I was recently tasked with creating a color pallete for some custom (legacy) code for an existing e-commerce website. One of the requirements was to show the colors grouped by similar tint. I thought to myself, this is a classic sorting problem. There was a catch, though. What do we sort?

## Converting from HTML Hex to HSV

Turns out, before we can do any sort of sorting, we need to convert the HTML Hex value of a color to HSV (Hue Saturation Value) format. A more detailed description of HSV can be found here: http://en.wikipedia.org/wiki/HSL_and_HSV.

To convert hex to HSV, we first have to get the RGB values. This is really easy to do.

The code is simple. Each RGB value corresponds to a two character hex code in the hex string. So we use parseInt() to get the value of the substring. We pass 16 to parseInt() to make sure it is parsed as a hex value.

Now that we have the RGB values of the hex, we can calculate the Chroma. The Chroma will be used to calculate the Hue and Saturation. From the wiki:

M = max(R,G,B)

m = min(R,G,B)

Chr = M - m

Simple enough. By default, our Hue and Saturation are 0. Both depend on the Value. In HSV format, the Value is simply the max of the RGB values:

Getting the min and max of the RGB values was easy using the built-in Math functionality of JavaScript. I got this directly from John Resig: http://ejohn.org/blog/fast-javascript-maxmin/.

Now, we proceed to Saturation and Hue. Depending on Saturation, we may never have to calculate the Hue. So, we should check and make sure Saturation is greater than 0. According to the wiki:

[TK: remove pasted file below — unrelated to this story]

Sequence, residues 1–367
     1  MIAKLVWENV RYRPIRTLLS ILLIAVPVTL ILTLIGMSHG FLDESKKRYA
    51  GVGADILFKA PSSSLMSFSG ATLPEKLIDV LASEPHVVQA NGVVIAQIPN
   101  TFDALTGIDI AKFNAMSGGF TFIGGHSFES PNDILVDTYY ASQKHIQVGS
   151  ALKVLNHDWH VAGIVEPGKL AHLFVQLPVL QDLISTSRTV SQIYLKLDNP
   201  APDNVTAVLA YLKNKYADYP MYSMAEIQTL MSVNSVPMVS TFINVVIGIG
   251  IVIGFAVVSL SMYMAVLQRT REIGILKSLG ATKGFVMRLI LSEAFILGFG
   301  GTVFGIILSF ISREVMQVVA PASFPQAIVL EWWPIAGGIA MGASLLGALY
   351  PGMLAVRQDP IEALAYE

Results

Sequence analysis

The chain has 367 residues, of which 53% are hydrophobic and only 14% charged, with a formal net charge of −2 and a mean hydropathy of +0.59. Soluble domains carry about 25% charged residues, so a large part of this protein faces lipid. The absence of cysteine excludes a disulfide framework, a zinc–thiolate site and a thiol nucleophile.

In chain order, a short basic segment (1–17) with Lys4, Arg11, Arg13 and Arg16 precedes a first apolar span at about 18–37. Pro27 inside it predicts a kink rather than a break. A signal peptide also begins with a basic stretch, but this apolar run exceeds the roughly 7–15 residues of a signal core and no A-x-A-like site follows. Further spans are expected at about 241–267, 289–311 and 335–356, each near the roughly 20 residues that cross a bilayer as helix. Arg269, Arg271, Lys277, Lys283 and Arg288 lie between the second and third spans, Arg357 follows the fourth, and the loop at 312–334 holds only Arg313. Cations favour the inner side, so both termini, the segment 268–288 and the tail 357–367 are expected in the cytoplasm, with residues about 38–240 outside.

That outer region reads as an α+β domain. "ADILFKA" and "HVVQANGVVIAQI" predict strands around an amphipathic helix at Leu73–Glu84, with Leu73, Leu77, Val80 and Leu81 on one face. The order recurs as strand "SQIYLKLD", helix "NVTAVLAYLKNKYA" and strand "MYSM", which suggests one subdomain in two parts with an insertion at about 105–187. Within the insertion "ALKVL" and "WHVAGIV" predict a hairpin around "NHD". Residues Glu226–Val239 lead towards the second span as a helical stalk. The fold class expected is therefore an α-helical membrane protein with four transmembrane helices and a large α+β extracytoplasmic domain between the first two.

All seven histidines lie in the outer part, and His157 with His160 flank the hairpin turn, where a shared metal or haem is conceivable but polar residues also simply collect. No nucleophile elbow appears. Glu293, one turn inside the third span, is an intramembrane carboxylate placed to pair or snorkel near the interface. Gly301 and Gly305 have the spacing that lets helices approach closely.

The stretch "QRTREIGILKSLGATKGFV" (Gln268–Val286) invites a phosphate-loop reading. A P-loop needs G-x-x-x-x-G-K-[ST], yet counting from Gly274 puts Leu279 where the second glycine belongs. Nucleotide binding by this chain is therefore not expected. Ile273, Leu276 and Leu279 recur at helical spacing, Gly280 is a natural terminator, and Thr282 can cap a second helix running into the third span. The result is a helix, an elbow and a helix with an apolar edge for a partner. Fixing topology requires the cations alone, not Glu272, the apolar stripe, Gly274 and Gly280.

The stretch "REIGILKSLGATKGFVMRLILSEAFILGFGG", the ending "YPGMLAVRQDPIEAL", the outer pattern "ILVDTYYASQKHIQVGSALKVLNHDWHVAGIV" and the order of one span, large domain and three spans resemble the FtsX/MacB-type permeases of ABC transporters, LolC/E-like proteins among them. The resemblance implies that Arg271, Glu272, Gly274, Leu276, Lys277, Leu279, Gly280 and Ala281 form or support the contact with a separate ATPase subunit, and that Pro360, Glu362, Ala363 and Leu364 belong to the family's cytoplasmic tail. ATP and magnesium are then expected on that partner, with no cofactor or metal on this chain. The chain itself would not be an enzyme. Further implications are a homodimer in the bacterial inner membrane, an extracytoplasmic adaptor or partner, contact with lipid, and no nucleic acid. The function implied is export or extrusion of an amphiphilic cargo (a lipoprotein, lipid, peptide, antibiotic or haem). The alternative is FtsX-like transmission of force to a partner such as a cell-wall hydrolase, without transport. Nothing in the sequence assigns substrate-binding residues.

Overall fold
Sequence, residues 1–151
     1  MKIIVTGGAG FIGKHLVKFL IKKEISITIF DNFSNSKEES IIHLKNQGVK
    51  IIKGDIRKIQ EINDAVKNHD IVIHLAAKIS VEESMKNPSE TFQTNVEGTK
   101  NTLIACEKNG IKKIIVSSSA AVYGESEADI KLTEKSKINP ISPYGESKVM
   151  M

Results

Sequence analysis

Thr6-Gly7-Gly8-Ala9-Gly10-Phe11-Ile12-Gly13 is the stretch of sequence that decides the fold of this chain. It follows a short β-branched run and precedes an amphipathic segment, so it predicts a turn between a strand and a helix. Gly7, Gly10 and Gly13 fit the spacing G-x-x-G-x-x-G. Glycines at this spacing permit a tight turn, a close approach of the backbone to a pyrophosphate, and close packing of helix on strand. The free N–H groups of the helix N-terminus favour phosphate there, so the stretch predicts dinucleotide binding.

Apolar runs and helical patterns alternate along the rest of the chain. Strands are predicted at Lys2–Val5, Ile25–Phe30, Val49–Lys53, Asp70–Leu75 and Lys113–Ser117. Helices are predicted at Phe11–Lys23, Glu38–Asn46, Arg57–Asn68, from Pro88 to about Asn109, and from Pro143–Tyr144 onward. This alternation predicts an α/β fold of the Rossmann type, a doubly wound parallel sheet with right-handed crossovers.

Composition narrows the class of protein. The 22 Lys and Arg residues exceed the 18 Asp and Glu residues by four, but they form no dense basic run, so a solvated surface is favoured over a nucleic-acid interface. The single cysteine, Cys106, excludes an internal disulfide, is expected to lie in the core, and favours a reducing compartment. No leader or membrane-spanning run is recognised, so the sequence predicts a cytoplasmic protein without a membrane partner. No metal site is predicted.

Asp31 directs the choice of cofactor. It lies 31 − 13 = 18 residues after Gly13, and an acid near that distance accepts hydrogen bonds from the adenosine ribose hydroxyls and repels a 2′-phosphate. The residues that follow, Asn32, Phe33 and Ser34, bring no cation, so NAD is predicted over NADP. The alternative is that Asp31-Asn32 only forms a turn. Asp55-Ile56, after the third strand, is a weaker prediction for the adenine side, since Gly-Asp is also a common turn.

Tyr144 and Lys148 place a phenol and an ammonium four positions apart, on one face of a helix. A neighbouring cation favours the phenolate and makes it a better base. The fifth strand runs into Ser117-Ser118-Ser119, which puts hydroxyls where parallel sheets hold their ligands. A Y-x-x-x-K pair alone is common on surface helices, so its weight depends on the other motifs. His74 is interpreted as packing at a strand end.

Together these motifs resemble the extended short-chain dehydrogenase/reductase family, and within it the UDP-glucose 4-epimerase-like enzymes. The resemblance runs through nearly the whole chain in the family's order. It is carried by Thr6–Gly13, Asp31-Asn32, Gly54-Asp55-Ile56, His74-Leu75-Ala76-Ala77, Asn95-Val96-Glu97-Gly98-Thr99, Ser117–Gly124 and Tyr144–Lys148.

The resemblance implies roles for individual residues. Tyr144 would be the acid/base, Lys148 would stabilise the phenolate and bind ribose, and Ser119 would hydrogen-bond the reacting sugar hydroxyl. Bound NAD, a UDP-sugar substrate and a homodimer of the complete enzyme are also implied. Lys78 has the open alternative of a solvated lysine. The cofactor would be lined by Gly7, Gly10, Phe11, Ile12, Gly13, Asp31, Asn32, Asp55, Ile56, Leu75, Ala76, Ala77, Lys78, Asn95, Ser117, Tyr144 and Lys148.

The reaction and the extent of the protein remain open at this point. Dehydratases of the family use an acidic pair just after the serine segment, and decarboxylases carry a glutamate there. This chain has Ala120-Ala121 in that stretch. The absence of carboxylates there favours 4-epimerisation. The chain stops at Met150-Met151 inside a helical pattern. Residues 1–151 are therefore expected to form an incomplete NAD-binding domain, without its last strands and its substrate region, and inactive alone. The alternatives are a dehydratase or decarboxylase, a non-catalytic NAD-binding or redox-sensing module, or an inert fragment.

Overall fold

Sat = Chr/V where V is the Value

If Saturation ends up being 0, the color is somewhere between white and black (some sort of gray), so Hue will be 0. If Saturation is greater than 0, the color has some sort of tint. The Hue must be calculated. The Hue is explained very well in the wiki with diagrams. Here are the formulas:

if R is Max: Hue = (((G-min)-(B-min))/Chr)*60

if G is Max: Hue = 120+(((B-min)-(R-min))/Chr)*60

if B is Max: Hue = 240+(((R-min)-(G-min))/Chr)*60

So to get the Saturation and Hue, here is the code:

Simple enough, right? Note, that in the case where R is the Max, we must account for any wraparound 360 degrees.

## Sorting by Hue

Now that we can convert HTML Hex colors to HSV, we can group similar tinted colors together. We basically sort the hex colors by Hue!

Using the code samples above, we can create a `sortColors()` JavaScript function that will take an existing array of HTML Hex Color objects, find the HSV value for each, and sort them according the Hue. For simplicity’s sake, the following code will modify the existing array by adding the Hue, Saturation, and Value to each object.

We take advantage of JavaScript Array sorting to return the array sorted by Hue. This is better explained by W3C here: http://www.w3schools.com/jsref/jsref_sort.asp.

## What about Saturation and Value?

### Value

Though sorting by Hue might be good enough in most cases, sometimes you want the pallette to look even more precise. You can sort the array further by sorting by Value within each of the different Hues. Each of the different Hues lie within 60 degrees of each other (0 to 60, 61 to 120, 121 to 180, etc.).

### Saturation

If you would like to pull out white, black, and all gray colors, you will want to remove any colors with a saturation close to 0. I’ve found that a Saturation < .09 will usually be a safe condition to use.

## An Example using `jQuery.tmpl()` and `sortColors()`

Here is a screenshot of the results of `sortColors()` displayed using jQuery templates. Unfortunately, Blogger does not do file hosting, so I can’t upload the example code. But shoot me an email and I’ll be glad to send it over.

## Resources:

jQuery.tmpl()

RGB to HSV in C

HSL and HSV Wiki

Fast JavaScript Max/Min

Random HTML Color Generator